In all three niches, GSCs are involved in tumor development and stabilization, as well as resistance to therapies [2]. GSC’s formation and characteristics like self-replication, specialization, proliferation, and tumor induction might depend heavily on its environment. There may be very heterogeneous GSC variants in the TME, even those with glioma cell properties. In the perivascular and invasive niche, GSCs are in close contact with the excessive vascular structures and communicate with normal and aberrant blood vessels [52]. Moreover, GSCs and tumor cells can communicate with each other, thereby stabilizing themselves and supporting processes such as immune evasion that are an obstacle to tumor cell control, whereas the niches themselves appear to be dependent on the tumor entity [52]. The GSC regulation is endogenous and exogenous. In addition to metabolic regulation and genetic determinants, factors of the niches but also parameters of the TME such as the immune system are essential [2]. There are markers for many cancer stem cells, but they are variable. For GSC, the cell surface protein CD133 could be identified and was mainly represented on GSC, which showed a high proliferation [117]. However, the expression of CD133 is from the phase of the cell cycle, so that active GSCs can also display a low surface density of CD133 [2]. Other GSC markers such as integrin CD15/SSEA-1 and CD44α6 are not always reliable indicators of the actual characteristics of GSCs [2]. GSCs play a vital role in all niches for gliomas’ invasive growth, as shown in Fig. 1.

5.3 Vascular niche

The perivascular niche with neuronal progenitor cells is characterized by increased angiogenesis and signaling protein vascular endothelial growth factor (VEGF). VEGF is supported by a mutation of the PTEN gene, which, together with EGFR, can induce increased VEGF mRNA levels [40]. However, VEGF is crucial for the enormous vascularity in glioma. It has been shown that brain tumor stem cells with the high expression level of CD133 habit also high VEGF level [118]. GSCs are also critical for tumor differentiation, which decisively influences glioma genesis due to their high differentiation potential. Those who possess the transmembrane protein CD133 contribute to angiogenesis since VEGF is associatively increased [52, 118, 119]. VEGF contributes to the blood–brain barrier breakdown by destroying tight junction proteins [120]. As a result, the brain’s privileged immune situation is lost, and peripheral immunomodulators can enter the central nervous system and the tumor more easily. The pro-inflammatory cytokine and an anti-inflammatory myokine IL-6 are associated with tissue destruction and accompanying inflammatory processes in the sense of an acute-phase reaction induced by TNF-α [121]. The cytokine aid the invasive behavior of high-grade-gliomas via PD-L1 induction via STAT-3 [65, 122], resulting in a negative T cell response. IL-8 is also a marker of pro-cancerogenic processes, supports the invasive properties of glioblastomas, and seems to mediate glioma cells’ plasticity. IL-8 is also attributed to shield glioma cells against a hypoxic environment and protects them from therapeutic stress [123]. A misdirected, IL-6-dependent NF-κB activation is associated with increased IL-8 levels [124].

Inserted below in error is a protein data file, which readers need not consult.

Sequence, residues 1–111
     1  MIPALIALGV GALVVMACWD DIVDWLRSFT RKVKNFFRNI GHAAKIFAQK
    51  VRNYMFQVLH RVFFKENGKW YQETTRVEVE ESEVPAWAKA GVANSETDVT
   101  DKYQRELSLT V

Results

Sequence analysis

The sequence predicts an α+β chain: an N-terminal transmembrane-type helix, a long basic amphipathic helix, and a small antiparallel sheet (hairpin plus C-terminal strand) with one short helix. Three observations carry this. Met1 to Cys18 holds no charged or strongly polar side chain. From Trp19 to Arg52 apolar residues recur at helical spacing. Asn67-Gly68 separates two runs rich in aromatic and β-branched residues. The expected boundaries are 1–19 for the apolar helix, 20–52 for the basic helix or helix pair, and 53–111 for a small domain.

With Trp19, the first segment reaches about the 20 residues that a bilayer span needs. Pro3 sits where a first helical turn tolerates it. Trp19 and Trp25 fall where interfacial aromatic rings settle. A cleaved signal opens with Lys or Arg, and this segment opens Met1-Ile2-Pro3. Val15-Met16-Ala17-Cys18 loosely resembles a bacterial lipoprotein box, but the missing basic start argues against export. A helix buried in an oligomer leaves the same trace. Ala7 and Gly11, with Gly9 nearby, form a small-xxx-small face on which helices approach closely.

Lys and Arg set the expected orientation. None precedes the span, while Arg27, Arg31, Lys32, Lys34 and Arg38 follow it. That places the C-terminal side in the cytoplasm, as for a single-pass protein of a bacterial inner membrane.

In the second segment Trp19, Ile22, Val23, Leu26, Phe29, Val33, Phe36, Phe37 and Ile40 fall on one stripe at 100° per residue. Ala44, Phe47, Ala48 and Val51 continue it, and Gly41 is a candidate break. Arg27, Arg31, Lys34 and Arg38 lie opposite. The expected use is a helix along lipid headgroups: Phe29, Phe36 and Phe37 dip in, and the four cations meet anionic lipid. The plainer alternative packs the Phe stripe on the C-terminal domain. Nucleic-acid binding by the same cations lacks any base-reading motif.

5.4 Hypoxic niche

Metabolic changes in the niche support the entire process of tumor invasion, survival, and growth. A hypoxic constitution of TME is a vast inductor of multiple pro-carcinogen pathway activities. Stem cells, also known as tumor-initiating cells, seem to adapt remarkably well to the hypoxic, lactate-rich environment, promoting tumor growth [25]. A central component of the regulation associated with HIF 1-alpha and HIF-2 alpha in the hypoxic niche represents angiogenesis and resistance to the acidotic environment, among other things, through the upregulation of VEGF and IL-8 and also supports stem cell presence as well as CD133, which is also increased in cells in hypoxic environments [52, 53]. Crucial pathways such as WNT are also upregulated in cells in a hypoxic environment and are associated with the unmethylated MGMT type, chemotherapeutic resistance, and reduced induction of cell cycle arrest, as described above. The hypoxic environment also leads to increased EGFR activity, which induces mTOR HIF [25]. Therefore, it could be assumed that mTOR-inhibiting chemotherapeutic agents can have a good advantage, especially on glioma cells in a hypoxic environment. Additionally, immunological processes are triggered by hypoxic conditions. The HIF expression induces activation of tyrosine hydroxylase [125], and a reduction of IFN-y and TNF can occur, which has been shown for lymphocytes [23]. A reduction in IFN-y has a pro-cancerogenic effect since it promotes apoptosis, restrains cell proliferation (shown in lung carcinoma), and has an antiproliferative influence on glioblastoma growth in cell lines [126, 127]. In turn, prolyl hydroxylase domain enzymes (PHD), which α-KG and Fe2+ require, are essential for the degradation and hydroxylation of HIF. In IDH-mut cells, there are decreased levels of α-ketoglutaric acid and Fe2+, which would support HIF [68]. In hypoxic TME areas, a glycolytic metabolism is supported, resulting in increased lactate and H+ ion levels. Both acidosis and hypoxia can affect the essential cellular organelle mitochondria by altering glycolysis [22, 128]. Thus, investigation of the exact mechanisms of glioma cell—TME interactions under hypoxic metabolic circuit—might increase the chances of developing new effective therapies.